|Drugs and Madness: Image source.|
According to the US National Institute for Mental Health, at any one time, approximately 5% of Americans suffer from a serious mental illness, while Mental Health America estimates that 54 million Americans suffer from some form of mental disorder in a given year. Thus, during their lifetime, a very large proportion and perhaps a majority of Americans suffer some form of mental illness. This is a startling realization and suggests that in America, and most likely other Western nations also, mental illness is now epidemic.
To the question “how come?”, a brilliant investigative journalist, Robert Whittacker offers an answer, which is proving to be surprisingly uncontroversial. American’s are being driven mad by the psychotropic drugs they consume to combat what are often, at least initiallly, rather trivial so-called mental disorders such as anxiety, female sexual dysfunction, minor depression, etc. Whittacker recounts his investigation in the book The Anatomy of an Epidemic.
I will not review the book, since it has been very widely reviewed elsewhere. Amazon.com currently offers 89 reader reviews, of which 72 give the book a five-star rating. And there is a superb review by Marcia Angell in the New York Review of Books, which outlines Whittacker’s basic thesis; namely, that psychotropic drugs do not, as the psychiatric community and drug industry have long maintained, correct any known chemical imbalance in the brain, but rather, they create a chemical imbalance that makes drug withdrawal extremely difficult. Moreover, the benefits of psychotropic drugs are often transient, or even non-existent, purported evidence to the contrary, which is necessary for drug certification, often being the result of inappropriate trial design, selective publication of results and the not infrequent resort to outright fraud.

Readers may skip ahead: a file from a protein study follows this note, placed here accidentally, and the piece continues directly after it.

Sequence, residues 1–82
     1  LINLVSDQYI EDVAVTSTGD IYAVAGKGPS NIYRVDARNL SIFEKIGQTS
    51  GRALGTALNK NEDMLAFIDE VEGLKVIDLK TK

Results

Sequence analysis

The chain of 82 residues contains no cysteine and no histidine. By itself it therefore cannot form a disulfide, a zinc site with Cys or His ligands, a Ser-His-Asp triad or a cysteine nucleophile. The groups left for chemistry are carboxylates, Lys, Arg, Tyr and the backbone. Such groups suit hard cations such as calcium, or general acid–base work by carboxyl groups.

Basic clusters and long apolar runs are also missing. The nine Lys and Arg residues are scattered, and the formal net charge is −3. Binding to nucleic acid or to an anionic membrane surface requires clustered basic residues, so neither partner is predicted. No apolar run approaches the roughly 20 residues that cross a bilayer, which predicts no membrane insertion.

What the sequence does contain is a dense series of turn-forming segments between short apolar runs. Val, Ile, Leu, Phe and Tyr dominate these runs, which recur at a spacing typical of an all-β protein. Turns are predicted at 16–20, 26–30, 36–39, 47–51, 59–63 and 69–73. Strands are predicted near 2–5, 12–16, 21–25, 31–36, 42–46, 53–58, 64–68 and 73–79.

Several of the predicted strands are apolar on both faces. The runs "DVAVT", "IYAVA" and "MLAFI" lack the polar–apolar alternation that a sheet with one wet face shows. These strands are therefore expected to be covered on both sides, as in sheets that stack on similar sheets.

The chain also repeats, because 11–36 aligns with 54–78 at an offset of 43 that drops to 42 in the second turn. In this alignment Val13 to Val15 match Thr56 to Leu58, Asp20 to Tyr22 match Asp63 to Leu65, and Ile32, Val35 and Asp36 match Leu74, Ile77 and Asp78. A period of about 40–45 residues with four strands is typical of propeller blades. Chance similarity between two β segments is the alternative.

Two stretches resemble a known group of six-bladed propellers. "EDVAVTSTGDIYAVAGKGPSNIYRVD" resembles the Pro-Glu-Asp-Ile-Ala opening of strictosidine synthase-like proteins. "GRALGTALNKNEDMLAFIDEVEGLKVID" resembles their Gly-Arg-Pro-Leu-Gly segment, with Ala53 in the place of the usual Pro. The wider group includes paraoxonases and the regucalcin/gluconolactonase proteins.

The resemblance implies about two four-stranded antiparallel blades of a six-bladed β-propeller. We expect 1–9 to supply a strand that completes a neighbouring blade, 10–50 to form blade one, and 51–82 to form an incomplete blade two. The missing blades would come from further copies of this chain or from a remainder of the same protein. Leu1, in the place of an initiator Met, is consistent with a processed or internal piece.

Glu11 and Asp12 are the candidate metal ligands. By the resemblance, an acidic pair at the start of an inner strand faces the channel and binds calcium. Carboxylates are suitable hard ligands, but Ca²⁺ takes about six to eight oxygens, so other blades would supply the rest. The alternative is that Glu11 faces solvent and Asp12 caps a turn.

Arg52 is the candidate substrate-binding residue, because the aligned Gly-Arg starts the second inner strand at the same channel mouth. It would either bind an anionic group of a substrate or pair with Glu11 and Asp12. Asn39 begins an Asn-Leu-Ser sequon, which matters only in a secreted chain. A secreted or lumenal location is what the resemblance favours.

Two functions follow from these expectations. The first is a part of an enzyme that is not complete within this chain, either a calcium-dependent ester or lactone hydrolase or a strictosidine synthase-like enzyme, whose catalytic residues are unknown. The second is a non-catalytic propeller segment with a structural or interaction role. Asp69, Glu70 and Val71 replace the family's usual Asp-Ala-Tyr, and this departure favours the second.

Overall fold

But not only may psychotropic drugs give no long-term benefit, they may even prolong illness. Whereas, before the age of antipsychotic medication, most schizophrenics recovered from their first bout of illness within several years, leading thereafter, healthy and productive lives without relapse, in the age of universal medication, the prognosis for schizophrenics is poor.
Moreover, there is evidence that antidepressants and stimulants can induce bipolar disorder, which leads to additional medication, including use of anti-convulsants and antipsychotics, with consequent health complications that may shorten life by 15 to 25 years.
Whittaker’s book should be read by anyone with a serious interest in mental health issues, as presumably are most Americans, ravaged as they are by an epidemic of madness.
Not everyone, understandably, agrees with Whittacker’s conclusions. Many who are dependent on psychotropic drugs believe that these chemicals improve their lives, and in some cases, they are surely right. Moreover, it appears to be the case that for many suffering an acute mental illness, chemical sedation is a prerequisite of psychotherapy, exercise therapy or other non-chemical treatments to which the patient would otherwise be wholly unamenable. Nevertheless, the evidence suggests that we are witnessing an epidemic of psychotropic drug poisoning that is both damaging and shortening the lives of tens of millions.